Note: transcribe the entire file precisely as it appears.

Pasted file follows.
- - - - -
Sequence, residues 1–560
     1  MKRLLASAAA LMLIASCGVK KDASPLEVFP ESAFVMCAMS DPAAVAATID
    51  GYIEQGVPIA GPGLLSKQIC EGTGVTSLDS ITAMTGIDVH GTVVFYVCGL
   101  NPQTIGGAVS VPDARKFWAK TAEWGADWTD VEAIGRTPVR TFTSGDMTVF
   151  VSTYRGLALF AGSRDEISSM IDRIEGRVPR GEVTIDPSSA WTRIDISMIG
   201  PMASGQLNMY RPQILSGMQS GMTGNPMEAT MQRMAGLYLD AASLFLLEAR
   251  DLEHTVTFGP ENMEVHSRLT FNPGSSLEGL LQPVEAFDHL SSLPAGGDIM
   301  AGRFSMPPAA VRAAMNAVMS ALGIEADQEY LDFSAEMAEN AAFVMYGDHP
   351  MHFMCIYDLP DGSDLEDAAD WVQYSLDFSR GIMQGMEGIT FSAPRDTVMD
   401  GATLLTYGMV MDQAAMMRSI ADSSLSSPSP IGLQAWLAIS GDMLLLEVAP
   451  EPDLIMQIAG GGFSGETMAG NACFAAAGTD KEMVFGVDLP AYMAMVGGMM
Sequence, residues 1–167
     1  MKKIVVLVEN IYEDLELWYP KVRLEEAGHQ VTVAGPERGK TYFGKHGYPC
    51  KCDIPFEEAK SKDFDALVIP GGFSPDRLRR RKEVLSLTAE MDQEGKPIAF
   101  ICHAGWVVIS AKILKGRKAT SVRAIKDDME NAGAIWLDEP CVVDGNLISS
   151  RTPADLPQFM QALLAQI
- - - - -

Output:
Sequence, residues 1–560
     1  MKRLLASAAA LMLIASCGVK KDASPLEVFP ESAFVMCAMS DPAAVAATID
    51  GYIEQGVPIA GPGLLSKQIC EGTGVTSLDS ITAMTGIDVH GTVVFYVCGL
   101  NPQTIGGAVS VPDARKFWAK TAEWGADWTD VEAIGRTPVR TFTSGDMTVF
   151  VSTYRGLALF AGSRDEISSM IDRIEGRVPR GEVTIDPSSA WTRIDISMIG
   201  PMASGQLNMY RPQILSGMQS GMTGNPMEAT MQRMAGLYLD AASLFLLEAR
   251  DLEHTVTFGP ENMEVHSRLT FNPGSSLEGL LQPVEAFDHL SSLPAGGDIM
   301  AGRFSMPPAA VRAAMNAVMS ALGIEADQEY LDFSAEMAEN AAFVMYGDHP
   351  MHFMCIYDLP DGSDLEDAAD WVQYSLDFSR GIMQGMEGIT FSAPRDTVMD
   401  GATLLTYGMV MDQAAMMRSI ADSSLSSPSP IGLQAWLAIS GDMLLLEVAP
   451  EPDLIMQIAG GGFSGETMAG NACFAAAGTD KEMVFGVDLP AYMAMVGGMM
Sequence, residues 1–167
     1  MKKIVVLVEN IYEDLELWYP KVRLEEAGHQ VTVAGPERGK TYFGKHGYPC
    51  KCDIPFEEAK SKDFDALVIP GGFSPDRLRR RKEVLSLTAE MDQEGKPIAF
   101  ICHAGWVVIS AKILKGRKAT SVRAIKDDME NAGAIWLDEP CVVDGNLISS
   151  RTPADLPQFM QALLAQI